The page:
Hey presto! – You’ll have an incredible new bathroom.

For all your plumbing and installation needs, feel free to contact the team at AACooper on 01689 485007 or info@aacooper.co.uk – we’re happy to help.

Sources: DIY.com and Wikihow.com

Summer is the perfect time to paint a bathroom – the weather is warmer; paint will dry quickly and
you can boot the kids outside while you get the job done. Of course, hiring a professional is certainly
an option but if you decide on the DIY route, here are some top tips that will set you on the path to a
job well done:

  1. Paint choice: bathrooms are high traffic areas and susceptible to wear and tear, so a mildew
    resistant, water-repellent, easy-to-maintain paint (satin or semi-gloss) is the best option.
  2. Colour choice: versatile colours like white, grey and blue as well as lighter shades are
    popular as they create a calm and relaxing atmosphere. That said, if you like a bolder look –
    go for it!
  3. Remove obstructions: before you paint and clean, remove wall hangings, bathroom products
    and appliances, and if you can’t reach behind your toilet (etc) remove that too (just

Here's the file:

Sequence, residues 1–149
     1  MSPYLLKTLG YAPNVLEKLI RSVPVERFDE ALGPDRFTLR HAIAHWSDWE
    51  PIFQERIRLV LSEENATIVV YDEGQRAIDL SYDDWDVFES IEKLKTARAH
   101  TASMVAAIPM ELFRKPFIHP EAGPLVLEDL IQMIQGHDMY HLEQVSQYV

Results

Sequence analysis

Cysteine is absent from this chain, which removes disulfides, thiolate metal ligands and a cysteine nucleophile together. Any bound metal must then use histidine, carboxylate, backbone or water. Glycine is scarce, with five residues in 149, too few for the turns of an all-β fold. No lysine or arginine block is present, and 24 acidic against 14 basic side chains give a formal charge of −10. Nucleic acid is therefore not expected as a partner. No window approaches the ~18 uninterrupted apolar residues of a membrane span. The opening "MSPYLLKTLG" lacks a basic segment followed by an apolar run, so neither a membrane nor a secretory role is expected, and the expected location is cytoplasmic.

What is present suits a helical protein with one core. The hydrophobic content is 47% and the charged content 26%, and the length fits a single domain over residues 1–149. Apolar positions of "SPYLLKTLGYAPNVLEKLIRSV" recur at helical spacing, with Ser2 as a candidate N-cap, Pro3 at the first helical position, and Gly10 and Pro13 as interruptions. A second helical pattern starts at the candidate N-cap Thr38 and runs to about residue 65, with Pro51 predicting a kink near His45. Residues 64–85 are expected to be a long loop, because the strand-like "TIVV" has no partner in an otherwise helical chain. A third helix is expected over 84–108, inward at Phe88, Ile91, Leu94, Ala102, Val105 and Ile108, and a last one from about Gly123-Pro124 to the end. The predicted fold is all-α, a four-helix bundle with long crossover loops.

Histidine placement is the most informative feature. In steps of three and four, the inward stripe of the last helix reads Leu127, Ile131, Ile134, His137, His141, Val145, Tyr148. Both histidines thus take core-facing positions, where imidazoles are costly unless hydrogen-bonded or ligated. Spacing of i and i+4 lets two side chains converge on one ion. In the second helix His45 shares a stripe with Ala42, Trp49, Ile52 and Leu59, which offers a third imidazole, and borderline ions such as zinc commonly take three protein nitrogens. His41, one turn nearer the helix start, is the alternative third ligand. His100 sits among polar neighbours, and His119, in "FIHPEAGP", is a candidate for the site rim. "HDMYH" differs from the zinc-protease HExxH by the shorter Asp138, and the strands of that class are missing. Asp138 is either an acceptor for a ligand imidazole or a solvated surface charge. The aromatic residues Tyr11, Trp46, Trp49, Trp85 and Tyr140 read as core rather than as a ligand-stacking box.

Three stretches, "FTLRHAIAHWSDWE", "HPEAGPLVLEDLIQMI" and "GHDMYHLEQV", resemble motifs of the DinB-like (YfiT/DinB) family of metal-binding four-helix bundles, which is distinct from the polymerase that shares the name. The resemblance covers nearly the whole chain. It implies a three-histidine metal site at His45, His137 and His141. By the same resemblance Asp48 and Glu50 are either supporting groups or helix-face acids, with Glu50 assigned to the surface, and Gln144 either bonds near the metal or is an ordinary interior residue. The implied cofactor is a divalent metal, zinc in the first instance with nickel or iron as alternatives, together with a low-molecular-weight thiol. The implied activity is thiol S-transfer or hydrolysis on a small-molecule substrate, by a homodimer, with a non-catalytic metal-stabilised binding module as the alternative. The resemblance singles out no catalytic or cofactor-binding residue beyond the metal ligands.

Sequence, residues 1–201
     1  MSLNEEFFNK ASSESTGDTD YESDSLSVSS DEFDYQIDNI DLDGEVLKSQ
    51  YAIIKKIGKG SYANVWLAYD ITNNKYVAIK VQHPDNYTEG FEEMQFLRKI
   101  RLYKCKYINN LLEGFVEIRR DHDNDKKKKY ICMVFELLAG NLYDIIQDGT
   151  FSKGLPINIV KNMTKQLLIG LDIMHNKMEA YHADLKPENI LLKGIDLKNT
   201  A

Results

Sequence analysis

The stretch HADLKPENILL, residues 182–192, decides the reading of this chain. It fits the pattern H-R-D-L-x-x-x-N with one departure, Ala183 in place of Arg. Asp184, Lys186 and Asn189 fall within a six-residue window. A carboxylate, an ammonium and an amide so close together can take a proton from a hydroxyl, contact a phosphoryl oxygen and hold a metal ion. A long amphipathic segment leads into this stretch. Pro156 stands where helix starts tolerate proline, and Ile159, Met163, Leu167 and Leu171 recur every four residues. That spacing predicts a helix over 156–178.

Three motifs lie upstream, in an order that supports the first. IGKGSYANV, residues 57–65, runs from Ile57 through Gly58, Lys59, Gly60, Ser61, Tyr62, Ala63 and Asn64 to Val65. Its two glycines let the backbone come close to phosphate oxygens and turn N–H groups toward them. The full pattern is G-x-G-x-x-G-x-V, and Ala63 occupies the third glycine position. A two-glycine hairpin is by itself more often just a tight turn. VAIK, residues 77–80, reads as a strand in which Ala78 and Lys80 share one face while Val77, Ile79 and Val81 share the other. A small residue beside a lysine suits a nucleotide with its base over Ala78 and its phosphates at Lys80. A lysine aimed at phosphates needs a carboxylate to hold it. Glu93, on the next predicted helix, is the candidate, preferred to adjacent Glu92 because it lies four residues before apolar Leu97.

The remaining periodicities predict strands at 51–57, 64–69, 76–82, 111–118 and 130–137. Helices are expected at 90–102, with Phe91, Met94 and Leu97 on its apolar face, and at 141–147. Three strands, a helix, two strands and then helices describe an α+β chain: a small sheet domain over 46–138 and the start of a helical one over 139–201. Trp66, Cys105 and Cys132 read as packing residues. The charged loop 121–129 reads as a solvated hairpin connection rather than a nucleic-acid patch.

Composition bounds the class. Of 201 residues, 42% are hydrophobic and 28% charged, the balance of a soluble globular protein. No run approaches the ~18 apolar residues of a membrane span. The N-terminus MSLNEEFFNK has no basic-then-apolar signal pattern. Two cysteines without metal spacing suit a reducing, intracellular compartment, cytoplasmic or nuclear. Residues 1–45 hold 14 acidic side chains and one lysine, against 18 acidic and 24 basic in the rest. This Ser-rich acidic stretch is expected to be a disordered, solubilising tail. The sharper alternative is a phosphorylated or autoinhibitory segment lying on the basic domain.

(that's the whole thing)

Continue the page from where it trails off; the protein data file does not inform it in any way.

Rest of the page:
remember to turn off the water supply, and flush and drain the toilet before removing).
  4. Repair blemishes: patch any holes or cracks with filler or a drywall compound; also
    sandpaper flaking or peeling paint.
  5. Clean the walls: the paint will not adhere if the surface is unclean. Use a sugar soap solution
    and sponge to remove any dirt and then wash again with warm water to remove soap
    traces.
  6. Prime the walls: if you’re changing colour or patching holes, prime the wall with an
    undercoat. You can simply ‘spot prime’ where you’ve made repairs if your paint is generally
    in good condition and you’re not changing colour.
  7. Masking tape: put masking tape around any fixtures/edges that that need protecting from
    paint.
  8. Start with the edges: use a brush around the edges before painting the walls. For best results
    on walls and ceiling, use a quality, plush roller cover, which will allow you to get as much